4 The evidence for clumping
Three representative examples of the Siiv blue and red components independently matched by SEI models are shown in Fig. 1, covering the spectral type range B0.7 to B4. The corresponding radial optical depths are also plotted for each case. The ratio of the blue-to-red optical depths, averaged between 0.2 to 0.9 , is shown for the full sample of 25 stars in Fig. 2 (filled circles; listed in Table 1). For reliability, we only consider optical depths in the interval 0.3 5.0, to avoid weaker and saturated lines. We assign an error of 5% in the values adopted in each velocity bin. It is clear that in almost all cases the best fits for the decoupled doublet components yield optical depth ratios less than 2.01 (the expected value from atomic constants). The majority of ratios lie between 1.0 and 1.5, and the overall mean is 1.46 (s.d. 0.31). As argued in Sect. 2, blue-to-red Siiv doublet ratios significantly lower than 2 imply that the B supergiant winds are porous and contain very optically thick clumps. Note in Fig. 2 that the ratios do not depend on the effective temperature of the relatively wide B0 to B5 spectral type range, and we therefore rule out any systematic effects that would cause all of the derived ratios to differ in the same manner. Our results clearly indicate that the weaker (red) component of the Siiv doublet is stronger than expected from smooth wind models.
An alternative measure of the departure from the smooth wind predictions is listed in Table 1, where the product of mass-loss rate Si ion fraction ( ) is provided for each doublet component, as determined from the SEI fits (see formulation in Massa et al. 2003). (The values in Table 1 are integrated over 0.2 0.9). In almost all cases the ratios of the blue to red measurements lie between 0.5 and 1.0. These results differ from the optical depth ratios shown in Figure 2 because (where contains stellar and atomic data which are the same for both components). This relation has two consequences. First, the ratios of the scale as times the ratio of the mean optical depths, which accounts for difference in range. Second, the determinations of the mean values in Table 1 are weighted differently, which accounts for the fact that mean ratio entry is not exactly 2 times .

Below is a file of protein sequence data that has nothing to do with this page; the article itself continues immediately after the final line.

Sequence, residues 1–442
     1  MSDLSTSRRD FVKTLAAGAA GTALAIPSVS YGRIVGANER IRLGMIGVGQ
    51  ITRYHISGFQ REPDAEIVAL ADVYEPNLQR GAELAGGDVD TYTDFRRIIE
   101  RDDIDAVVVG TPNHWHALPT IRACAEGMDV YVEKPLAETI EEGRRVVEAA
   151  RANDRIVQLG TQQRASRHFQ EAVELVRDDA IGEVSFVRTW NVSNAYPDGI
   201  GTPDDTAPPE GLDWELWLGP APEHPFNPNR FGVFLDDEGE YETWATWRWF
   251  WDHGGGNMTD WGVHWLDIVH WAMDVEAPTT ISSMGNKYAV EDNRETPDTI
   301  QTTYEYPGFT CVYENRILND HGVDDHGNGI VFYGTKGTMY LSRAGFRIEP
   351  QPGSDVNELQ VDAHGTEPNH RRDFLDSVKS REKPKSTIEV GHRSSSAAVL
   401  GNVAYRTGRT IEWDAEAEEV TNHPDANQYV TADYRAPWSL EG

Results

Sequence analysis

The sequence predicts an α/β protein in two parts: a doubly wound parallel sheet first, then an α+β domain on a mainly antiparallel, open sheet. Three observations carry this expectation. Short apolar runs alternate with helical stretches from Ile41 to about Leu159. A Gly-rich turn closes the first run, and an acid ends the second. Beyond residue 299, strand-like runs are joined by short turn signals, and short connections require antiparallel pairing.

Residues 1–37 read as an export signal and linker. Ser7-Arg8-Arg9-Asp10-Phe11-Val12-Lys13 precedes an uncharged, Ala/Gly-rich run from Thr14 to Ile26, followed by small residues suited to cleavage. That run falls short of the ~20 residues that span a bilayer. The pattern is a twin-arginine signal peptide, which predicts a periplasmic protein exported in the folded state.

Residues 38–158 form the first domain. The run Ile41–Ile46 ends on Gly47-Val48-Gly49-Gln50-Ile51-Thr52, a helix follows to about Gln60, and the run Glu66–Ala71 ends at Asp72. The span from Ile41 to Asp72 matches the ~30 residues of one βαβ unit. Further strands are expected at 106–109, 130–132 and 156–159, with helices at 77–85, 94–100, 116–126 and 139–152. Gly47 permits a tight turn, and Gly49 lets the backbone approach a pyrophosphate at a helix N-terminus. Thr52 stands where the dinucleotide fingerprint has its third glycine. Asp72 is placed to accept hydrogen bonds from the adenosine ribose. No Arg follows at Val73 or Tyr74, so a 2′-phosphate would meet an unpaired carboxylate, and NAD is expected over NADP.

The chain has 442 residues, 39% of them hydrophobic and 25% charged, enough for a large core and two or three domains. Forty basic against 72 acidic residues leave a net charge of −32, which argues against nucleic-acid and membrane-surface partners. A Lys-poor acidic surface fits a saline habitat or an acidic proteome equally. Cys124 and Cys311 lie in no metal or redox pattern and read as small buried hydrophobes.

4.1 Additional data sample
The evidence for widespread wind clumping in B supergiants presented here (Fig. 2) is based on the robust case of well separated, decoupled Siiv components, i.e. for stars that have 970 km s. There are of course many additional B supergiants with available UV data that have in excess of 1000 km s. As the terminal velocity in these cases exceeds more than half the Siiv doublet separation, their doublet components cannot be matched independently as ’singlets’ (as above). We can nevertheless extract some complementary information from these higher stars.
From the original B supergiant sample of Prinja et al. (2005), we selected an additional 41 B0 to B2 stars and fitted the (now coupled) Siiv doublets with the SEI models (see Massa et al. 2008). However, in these cases the ratio of the doublet oscillator strengths was allowed to be a free parameter in the least squares fits. The best fits to the sample of overlapping Siiv doublets yielded f-value ratios that also lie between 1 and 2 in almost all cases. The results are also shown in Fig. 2 (open circles) as a function of . For a fixed mass-loss rate, velocity law and ion fraction, the ratio of blue-to-red oscillator strengths is equivalent to the ratio of optical depths. Therefore the results shown in Fig. 2 are consistent with the original sample (Table 1 and Fig. 2 filled circles) of low , decoupled doublets. Taken together, we conclude that the two datasets make a compelling case for wide-spread clumping and porosity in B supergiant winds.